Nov 15, 2018
I’ve been riding motorcycles all over the U.S. for 37 years. During this time, and hundreds of thousands of miles, I’ve been most fortunate to have never been in a moving accident. I say moving accident as I have dropped my bike on a few occasions while parked in the driveway, fortunately with minimal damage other than to my pride. Over the years though I’ve been asked many times what advice I would give to new riders or those thinking about buying a bike. Here’s the advice I usually give.
First off, don’t buy a motorcycle just to look cool or to copy a friend. If this is the main reason you want to ride you’re setting yourself up for failure. By the way, “failure” usually means an accident (pain, suffering and/or death) or minimally, wasting your hard-earned cash. If you aren’t passionate about riding or at least very committed you won’t be determined enough to get the proper training and experience necessary to stay safe on the road.
Next, buy a bike that’s suited to YOU in the size, make, model and riding style or as close to these as you can afford. Factor into buying the bike buying the necessary helmets, riding jackets, gloves, boots, pants and assorted accessories that will keep you safe and comfortable in hot, warm and cold weather and in the rain or any combination of these. Of course some of this can be added along the way but to those of us with miles in the saddle we know this can be a real expense so plan for it.
The next thing I’d do is register for a motorcycle safety/riding training program. There are several of them out there which can be found through doing a Google search or asking your local motorcycle shop. One that we offer in my wonderful home state of Pennsylvania is the Pennsylvania Motorcycle Safety Program, http://www.pamsp.com. This awesome program offers classes for all riding levels from new riders to experienced riders. For new riders it will help prepare you to get your license and the classes may even get you a cost break on your insurance policy. One of the best parts is the classes are FREE to Pennsylvania residents. I think this is why PA is such a haven for motorcyclists.
Once you have the proper mindset, bike, equipment, training (and license) the next thing you need is riding experiences. This is where most new riders often fail. The reason is many don’t have the support system of riding friends or else may have a riding friend or two who don’t ride often, ride at conflicting times or ride in a way you don’t care to ride. To stay motivated and gain valuable experience you need saddle time. One way to get out riding is to find group(s) of like-minded people you can ride with and learn from. Sometimes there are events at your local motorcycle dealer you can go to and occasionally make riding friends. There are Meet-Up groups you can connect with and there are riding groups and clubs you can check out. No, I’m not talking outlaw motorcycle clubs. I’m talking friendly, family groups such as the Southern Cruisers Riding Club http://www.southerncruisers.net . The SCRC is a motorcycle riding club you don’t have to “join”. You can just drop in and ride with them. There are rules of proper riding you’ll have to adhere to but you should be doing that anyway. I’ve been dropping in with such a club located in the Baltimore area and have really enjoyed the local and long distance trips we’ve been on and the friendships made.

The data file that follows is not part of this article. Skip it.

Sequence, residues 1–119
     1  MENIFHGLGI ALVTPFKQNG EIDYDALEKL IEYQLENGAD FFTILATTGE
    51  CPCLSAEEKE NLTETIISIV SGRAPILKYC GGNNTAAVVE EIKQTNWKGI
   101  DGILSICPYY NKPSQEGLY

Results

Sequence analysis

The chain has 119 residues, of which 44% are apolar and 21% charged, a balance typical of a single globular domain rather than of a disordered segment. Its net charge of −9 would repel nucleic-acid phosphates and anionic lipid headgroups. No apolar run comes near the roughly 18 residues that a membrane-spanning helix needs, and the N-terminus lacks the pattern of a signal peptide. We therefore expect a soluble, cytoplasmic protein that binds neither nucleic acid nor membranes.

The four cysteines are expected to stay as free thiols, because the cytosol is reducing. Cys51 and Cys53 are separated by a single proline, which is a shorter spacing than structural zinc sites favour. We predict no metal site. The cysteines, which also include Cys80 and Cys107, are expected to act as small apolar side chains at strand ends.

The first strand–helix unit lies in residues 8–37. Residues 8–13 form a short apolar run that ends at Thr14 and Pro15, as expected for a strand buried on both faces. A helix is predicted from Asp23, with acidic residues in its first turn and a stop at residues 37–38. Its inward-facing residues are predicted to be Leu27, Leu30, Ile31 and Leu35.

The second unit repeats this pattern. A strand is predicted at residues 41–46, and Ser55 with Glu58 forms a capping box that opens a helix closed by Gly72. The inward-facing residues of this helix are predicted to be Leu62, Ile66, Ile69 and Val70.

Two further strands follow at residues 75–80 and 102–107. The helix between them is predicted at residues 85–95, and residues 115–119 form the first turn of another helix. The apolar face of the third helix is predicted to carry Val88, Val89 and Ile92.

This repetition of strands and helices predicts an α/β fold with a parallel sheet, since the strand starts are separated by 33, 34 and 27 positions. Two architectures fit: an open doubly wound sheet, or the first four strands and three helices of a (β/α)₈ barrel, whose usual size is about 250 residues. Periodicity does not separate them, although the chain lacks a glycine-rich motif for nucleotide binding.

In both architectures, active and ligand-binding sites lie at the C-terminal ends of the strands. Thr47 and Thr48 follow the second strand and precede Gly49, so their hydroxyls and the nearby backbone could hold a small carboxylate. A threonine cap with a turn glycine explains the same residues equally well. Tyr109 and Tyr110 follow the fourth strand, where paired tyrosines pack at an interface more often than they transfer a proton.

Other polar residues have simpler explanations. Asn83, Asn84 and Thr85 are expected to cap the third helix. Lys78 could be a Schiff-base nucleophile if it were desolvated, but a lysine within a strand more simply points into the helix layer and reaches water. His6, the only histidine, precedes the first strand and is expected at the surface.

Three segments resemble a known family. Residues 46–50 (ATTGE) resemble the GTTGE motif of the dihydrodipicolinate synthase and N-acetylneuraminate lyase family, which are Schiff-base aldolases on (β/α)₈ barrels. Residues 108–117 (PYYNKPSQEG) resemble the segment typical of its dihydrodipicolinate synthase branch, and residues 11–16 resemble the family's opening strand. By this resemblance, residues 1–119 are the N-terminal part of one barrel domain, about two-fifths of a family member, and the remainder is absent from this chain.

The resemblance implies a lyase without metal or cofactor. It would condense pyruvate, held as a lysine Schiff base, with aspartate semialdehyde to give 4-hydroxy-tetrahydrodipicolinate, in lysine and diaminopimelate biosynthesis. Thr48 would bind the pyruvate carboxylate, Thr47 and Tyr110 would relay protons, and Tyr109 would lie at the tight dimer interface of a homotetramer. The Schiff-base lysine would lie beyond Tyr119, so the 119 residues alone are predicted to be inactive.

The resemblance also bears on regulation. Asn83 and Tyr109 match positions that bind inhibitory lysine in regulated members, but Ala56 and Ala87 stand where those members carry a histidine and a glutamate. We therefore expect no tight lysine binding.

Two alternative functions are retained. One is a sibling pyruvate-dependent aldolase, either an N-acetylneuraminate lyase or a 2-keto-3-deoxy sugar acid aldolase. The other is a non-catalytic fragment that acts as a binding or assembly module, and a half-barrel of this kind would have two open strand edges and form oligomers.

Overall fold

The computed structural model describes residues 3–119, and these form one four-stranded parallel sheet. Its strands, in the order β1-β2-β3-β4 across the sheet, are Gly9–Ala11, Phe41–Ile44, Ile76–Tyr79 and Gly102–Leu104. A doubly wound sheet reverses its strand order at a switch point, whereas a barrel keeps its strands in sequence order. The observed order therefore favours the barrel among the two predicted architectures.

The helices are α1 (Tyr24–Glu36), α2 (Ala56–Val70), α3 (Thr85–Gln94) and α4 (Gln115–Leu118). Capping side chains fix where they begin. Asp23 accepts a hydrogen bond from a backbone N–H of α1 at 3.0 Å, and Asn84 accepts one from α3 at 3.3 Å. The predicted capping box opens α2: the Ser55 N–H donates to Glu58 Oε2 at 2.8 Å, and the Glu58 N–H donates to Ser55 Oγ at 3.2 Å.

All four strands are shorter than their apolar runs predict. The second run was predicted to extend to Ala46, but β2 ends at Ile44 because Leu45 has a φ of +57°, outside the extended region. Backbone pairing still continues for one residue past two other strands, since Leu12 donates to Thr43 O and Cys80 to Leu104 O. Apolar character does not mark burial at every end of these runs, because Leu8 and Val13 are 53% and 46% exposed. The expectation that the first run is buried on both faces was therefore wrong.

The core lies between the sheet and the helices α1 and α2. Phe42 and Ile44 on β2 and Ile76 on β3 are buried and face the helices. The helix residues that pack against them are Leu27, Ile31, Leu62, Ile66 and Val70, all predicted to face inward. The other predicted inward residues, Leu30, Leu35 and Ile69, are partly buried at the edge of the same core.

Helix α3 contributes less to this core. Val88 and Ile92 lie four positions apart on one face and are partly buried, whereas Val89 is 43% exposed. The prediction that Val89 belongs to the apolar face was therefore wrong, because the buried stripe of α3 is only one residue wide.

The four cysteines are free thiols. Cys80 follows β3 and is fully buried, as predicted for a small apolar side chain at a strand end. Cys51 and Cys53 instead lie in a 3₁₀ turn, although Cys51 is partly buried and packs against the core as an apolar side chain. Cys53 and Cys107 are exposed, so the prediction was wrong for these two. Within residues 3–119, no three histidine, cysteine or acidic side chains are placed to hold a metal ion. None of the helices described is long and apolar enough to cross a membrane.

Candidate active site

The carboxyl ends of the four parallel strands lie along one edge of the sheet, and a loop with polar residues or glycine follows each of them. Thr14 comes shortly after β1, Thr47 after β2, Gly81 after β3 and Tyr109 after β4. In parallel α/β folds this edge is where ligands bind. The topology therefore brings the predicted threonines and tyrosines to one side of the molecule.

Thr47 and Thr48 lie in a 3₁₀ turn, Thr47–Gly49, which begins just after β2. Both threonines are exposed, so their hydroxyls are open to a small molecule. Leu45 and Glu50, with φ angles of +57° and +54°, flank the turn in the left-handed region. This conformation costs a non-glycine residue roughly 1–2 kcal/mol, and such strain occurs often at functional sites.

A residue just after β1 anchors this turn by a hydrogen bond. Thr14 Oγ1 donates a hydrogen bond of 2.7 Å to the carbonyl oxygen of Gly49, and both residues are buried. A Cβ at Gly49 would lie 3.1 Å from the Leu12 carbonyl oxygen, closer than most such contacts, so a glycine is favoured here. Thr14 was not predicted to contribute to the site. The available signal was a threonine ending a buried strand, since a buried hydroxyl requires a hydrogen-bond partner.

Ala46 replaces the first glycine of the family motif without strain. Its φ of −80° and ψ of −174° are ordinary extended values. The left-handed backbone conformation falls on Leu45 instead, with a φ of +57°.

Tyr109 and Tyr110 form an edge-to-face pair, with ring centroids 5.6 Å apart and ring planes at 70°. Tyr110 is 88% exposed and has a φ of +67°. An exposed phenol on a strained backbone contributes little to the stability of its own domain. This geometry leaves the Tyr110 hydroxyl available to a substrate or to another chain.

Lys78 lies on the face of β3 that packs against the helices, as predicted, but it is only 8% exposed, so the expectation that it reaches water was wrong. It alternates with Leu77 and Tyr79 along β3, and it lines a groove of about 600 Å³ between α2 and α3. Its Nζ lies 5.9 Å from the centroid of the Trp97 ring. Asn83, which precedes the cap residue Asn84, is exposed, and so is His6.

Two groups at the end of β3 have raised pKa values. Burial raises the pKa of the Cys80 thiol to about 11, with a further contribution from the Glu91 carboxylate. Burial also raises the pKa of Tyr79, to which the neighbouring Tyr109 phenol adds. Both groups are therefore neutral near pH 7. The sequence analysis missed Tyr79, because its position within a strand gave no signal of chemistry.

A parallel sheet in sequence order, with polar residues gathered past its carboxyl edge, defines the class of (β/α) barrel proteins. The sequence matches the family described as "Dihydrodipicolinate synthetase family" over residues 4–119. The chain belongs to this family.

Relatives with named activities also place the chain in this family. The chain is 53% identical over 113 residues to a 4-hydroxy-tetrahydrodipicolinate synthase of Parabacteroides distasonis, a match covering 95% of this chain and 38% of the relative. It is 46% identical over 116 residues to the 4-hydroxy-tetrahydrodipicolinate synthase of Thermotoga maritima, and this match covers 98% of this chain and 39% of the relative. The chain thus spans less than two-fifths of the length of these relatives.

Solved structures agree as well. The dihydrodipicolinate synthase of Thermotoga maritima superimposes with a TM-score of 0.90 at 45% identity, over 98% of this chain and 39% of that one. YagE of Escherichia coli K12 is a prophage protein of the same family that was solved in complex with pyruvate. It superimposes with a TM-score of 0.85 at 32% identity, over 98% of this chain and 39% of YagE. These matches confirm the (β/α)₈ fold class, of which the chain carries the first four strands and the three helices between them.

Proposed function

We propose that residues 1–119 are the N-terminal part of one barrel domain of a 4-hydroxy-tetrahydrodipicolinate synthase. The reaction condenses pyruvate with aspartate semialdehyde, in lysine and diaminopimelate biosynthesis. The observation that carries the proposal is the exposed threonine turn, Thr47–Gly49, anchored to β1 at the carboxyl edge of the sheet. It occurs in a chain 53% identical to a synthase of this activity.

In summing up, if you truly want to experience the incredible joys of motorcycling, the gorgeous scenery out in the country, the camaraderie and friendships you make along the way, then motorcycling may be for you. To stay interested and passionate though as with any activity you should immerse yourself in it to learn and make friends. Find what part of motorcycling you enjoy the most and pursue it. In my case I enjoy long road trips, alone and with friends. I enjoy the friendly people I meet out in the heartland of our country, the nature I experience in the mountains (along with camping, kayaking and rock climbing) and the thrill of carving some incredible twisty curves through the Adirondack, Ozark and Great Smoky Mountains. I hope to see you on the road one day…